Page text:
Olympic costs escalate

Back when Vancouver made its Olympic bid, the boosterism was phenomenal. The games were going to create 244,000 new jobs, $10.7 billion of economic activity, and so on. The BC government, who is on the hook for any cost over-runs, never did do a proper cost-benefit analysis of the games. In fact, they willfully confused costs and benefits by counting public capital expenditures as benefits not costs, in doing so proving only that government can create jobs by spending money. This has turned out to be a modus operandi of the BC government: big boosterism for its pet projects, be they P3s, private surgery clinics or the Olympics, without a business plan or any more detailed study.

in any event, Vancouver held a plebiscite on this and two-thirds said yes. Personally, I like the Olympics and am a democrat, so I’m willing to go along for the ride, and its implied cost of putting the games on. But my concern at the time was that people were given menus without the prices on them and were thus told to make their decision based solely on promises of how good the food was going to be. Now comes the matter of the bill.

I should also point out, because the media have completely failed to, that the only cost-benefit analysis of the 2010 games was done by the CCPA. In a February 2003 report by Marvin Shaffer, Alan Greer and Celine Mauboules, the analysis used the 2010 Bid Book and some crafty calculations to estimate the net financial cost to British Columbians at $1.2 billion, and $2 billion if the new transit line to Richmond and the airport was included. The report stands the test of time quite nicely, I would say. And the authors at the time cautioned that “costs could be substantially higher, and are subject to numerous risks. The Province of British Columbia, as the sole guarantor of the Games, is assuming all the financial burden of what is, clearly, a risky business venture.”

In response to the CCPA report, which only provided numbers and did not take a position on whether the province should or should not go ahead, Premier Gordon Campbell dismissed it: “I really don’t pay much attention to that think tank. It’s driven by ideology, not facts.” (quoted in the Vancouver Province, Feb. 16, 2003)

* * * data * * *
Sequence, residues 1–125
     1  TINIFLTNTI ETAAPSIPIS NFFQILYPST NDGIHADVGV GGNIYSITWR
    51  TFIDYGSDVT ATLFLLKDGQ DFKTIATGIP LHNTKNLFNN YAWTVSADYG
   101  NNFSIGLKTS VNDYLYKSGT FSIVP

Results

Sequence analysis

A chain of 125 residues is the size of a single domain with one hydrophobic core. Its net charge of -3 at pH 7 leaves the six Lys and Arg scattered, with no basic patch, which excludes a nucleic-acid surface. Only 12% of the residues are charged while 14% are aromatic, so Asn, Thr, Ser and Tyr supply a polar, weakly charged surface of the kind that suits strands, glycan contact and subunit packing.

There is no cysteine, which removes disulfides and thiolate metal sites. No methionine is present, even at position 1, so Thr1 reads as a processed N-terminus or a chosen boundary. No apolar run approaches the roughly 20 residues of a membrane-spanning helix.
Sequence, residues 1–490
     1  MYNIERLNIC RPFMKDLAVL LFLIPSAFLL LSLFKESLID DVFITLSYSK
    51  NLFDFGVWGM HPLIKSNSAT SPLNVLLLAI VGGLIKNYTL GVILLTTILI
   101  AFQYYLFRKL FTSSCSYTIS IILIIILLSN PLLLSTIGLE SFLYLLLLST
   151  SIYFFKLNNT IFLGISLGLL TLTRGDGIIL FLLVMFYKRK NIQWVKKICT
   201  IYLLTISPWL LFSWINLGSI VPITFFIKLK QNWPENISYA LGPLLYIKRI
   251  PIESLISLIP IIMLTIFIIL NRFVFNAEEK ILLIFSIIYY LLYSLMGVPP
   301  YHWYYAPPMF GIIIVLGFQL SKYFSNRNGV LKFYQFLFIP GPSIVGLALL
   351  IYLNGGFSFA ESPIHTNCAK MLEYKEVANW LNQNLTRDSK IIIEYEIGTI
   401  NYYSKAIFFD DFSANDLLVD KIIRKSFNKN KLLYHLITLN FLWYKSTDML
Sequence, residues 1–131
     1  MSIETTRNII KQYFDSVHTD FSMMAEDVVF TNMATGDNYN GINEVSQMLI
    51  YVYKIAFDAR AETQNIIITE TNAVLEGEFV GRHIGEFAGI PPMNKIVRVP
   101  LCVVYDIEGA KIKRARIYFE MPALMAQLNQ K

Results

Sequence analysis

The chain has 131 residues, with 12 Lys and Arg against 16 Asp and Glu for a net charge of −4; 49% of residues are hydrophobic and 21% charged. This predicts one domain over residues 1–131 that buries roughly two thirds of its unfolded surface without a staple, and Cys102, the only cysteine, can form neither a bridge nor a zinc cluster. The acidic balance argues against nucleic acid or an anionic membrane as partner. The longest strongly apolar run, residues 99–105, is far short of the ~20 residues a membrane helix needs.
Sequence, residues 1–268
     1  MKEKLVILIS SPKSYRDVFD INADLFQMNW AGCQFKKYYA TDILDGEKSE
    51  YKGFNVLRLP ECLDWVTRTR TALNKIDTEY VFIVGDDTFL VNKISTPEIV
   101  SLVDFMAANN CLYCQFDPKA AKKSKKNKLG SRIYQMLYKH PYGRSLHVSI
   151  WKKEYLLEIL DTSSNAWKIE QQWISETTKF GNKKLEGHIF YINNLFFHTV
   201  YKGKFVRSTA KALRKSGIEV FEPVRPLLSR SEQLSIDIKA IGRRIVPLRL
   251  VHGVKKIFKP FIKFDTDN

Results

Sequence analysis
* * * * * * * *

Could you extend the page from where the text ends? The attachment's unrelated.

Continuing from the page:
With that background in mind, here is what leads off today’s Vancouver Sun story:

The true cost of the 2010 Olympic Games is at least $2.5 billion, which could still soar higher and may even result in the delay or elimination of promised sporting facilities, perhaps damaging athletes’ chances to win gold medals.

Those are the hard-hitting conclusions of reports released Thursday that outline a series of Olympic planning, marketing and construction snags — not to mention a $150-million US currency blunder — that have increased the risks to taxpayers.

The opening salvo of the critiques came from B.C.’s Auditor-General Arn van Iersel, who effectively shot down the provincial government’s long-standing claim that the cost of the Olympics wouldn’t exceed $600 million. Van Iersel says $1.9 billion in Olympic-related projects — from the Sea to Sky Highway to sections of the new Canada rapid rail line that will service the Olympic Village — should be included in the Games’ real price tag of $2.5 billion.

Meanwhile, a team of consultants hired by the federal government warns the Vancouver Olympic Organizing Committee may not be able to build Olympic venues on its $580-million construction budget — even after receiving a $110-million boost to the original $470 million three weeks ago.

Olympic organizers managed to get the IOC to agree to downsize the Games’ arenas to NHLsized rinks instead of the larger European surfaces that are the Olympic standard, as the report suggested. But a curling arena is still up for grabs — if it can’t be built on the original $28-million budget it should simply be scuttled. The speed skating in oval in Richmond is also facing a scheduling crunch.

OK, here’s my idea: the BC government LOVES contracting out and privatizing. Having just recently been in Calgary, I noted that they have a perfectly good speed-skating oval just sitting there unused most of the year, plus ski-jump facilities and more from the 1988 Olympics. Perhaps we should just contract out these events to Calgary. Photoshop in the BC Coastal Mountains, and voila!

Seriously, though, the story continues:

The auditor-general presented a broader critique of the provincial government’s management and accounting of the Games, suggesting the province has not been properly adding up the true price or being clear about the organizational risks ahead.

Three and half years before the Olympic flame will be lit, the auditor-general now pegs the Games’ total budget at $4.3 million. About $1.8 billion of that will be recouped from Olympic revenues.

Ottawa will contribute $607 million and local government $389 million, leaving B.C. taxpayers on the hook for about $1.5 billion, the report estimates.

But like the federal report, the auditor-general also warns of the possibility of more budget problems looming. Some construction schedules for Olympic venues are sliding, adding a threat of even more cost overruns. In addition, $175 million in security costs may be underestimated and even the anticipated $13 million in medical costs anticipated for looking after athletes could rise.

The auditor-general, who is responsible for ensuring government bookkeeping is clear, warns the provincial government’s $76-million contingency fund for cost overruns may prove inadequate for the costs ahead.

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